Purpose of review
Secondary mitral regurgitation commonly complicates heart failure. Although the evidence for its management is most robust for treating the underlying cardiomyopathy, treatment aimed at additionally reducing the severity of mitral regurgitation with a percutaneous edge-to-edge device, MitraClip, has recently emerged.
Despite the use of contemporary evidence-based heart failure therapies, patients with secondary mitral regurgitation and heart failure continue to remain at high risk for adverse clinical events; in both the MITRA-FR and COAPT trials, an extremely high event rate was evident in the medically managed arms over the respective 12–24-month follow-up. Data supporting the use of MitraClip to mitigate adverse outcomes in secondary mitral regurgitation is, however, conflicting. In MITRA-FR no difference was noted between MitraClip compared with the medically managed arm for the composite of all-cause death or heart failure hospitalization at 12 months. However, in COAPT, a significant reduction in the rate of heart failure re-hospitalization over 2 years was evident with MitraClip compared with medical therapy alone.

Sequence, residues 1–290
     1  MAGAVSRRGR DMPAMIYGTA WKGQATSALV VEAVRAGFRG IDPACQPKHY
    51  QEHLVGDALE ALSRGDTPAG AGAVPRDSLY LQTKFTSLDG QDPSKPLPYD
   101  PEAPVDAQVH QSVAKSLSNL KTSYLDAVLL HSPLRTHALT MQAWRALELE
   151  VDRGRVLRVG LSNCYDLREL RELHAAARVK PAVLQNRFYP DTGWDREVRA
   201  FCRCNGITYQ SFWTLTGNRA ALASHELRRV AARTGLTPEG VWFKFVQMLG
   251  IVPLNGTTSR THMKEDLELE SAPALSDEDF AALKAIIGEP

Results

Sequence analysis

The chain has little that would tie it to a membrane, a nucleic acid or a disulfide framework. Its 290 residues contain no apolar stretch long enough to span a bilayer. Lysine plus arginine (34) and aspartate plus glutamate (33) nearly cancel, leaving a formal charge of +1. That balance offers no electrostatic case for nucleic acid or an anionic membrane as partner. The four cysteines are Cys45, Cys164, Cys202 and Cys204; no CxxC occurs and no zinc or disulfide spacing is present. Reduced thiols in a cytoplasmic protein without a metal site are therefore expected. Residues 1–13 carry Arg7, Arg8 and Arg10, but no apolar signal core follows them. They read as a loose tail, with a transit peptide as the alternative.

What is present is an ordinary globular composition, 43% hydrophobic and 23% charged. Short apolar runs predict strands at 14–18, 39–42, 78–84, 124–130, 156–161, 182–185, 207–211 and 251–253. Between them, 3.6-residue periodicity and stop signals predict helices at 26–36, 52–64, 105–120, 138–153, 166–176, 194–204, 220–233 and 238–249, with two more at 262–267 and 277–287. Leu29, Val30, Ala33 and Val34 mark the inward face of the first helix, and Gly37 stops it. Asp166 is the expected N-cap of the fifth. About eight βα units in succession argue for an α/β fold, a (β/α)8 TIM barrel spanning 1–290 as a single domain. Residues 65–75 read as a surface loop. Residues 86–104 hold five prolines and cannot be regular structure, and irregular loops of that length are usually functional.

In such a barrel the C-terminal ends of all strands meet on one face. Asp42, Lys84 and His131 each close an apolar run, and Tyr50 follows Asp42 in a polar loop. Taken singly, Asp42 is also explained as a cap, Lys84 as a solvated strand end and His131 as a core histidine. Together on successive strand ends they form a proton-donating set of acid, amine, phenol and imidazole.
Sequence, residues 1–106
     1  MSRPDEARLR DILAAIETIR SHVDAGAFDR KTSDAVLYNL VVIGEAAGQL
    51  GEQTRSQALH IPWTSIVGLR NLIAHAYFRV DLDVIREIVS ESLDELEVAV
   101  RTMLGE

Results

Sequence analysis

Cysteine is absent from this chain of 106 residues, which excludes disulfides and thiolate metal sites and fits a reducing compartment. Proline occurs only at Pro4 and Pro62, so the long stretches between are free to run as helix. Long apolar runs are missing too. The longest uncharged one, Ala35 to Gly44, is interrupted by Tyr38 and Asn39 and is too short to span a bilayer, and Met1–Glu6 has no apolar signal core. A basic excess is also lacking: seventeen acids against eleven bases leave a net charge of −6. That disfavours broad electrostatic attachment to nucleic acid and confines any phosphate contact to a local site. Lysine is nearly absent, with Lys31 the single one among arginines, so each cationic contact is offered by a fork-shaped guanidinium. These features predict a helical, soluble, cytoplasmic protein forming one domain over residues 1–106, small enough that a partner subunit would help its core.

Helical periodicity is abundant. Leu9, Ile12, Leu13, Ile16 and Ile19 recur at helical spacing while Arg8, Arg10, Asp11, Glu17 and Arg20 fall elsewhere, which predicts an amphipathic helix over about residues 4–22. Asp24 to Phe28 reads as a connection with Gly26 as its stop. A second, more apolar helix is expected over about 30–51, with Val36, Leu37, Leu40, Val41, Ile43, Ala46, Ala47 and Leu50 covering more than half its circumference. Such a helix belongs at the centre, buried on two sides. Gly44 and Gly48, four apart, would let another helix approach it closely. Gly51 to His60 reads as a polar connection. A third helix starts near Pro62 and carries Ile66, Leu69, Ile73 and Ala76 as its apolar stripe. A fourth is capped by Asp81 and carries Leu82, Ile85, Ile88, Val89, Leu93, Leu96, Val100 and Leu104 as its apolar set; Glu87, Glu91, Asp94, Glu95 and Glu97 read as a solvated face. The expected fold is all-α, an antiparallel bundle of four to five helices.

Recommendations exist for the use of MitraClip in patients with primary mitral regurgitation and prohibitive surgical risk. However, with the divergent results of two recent high-quality randomized trials, its role in patients with secondary mitral regurgitation remains controversial.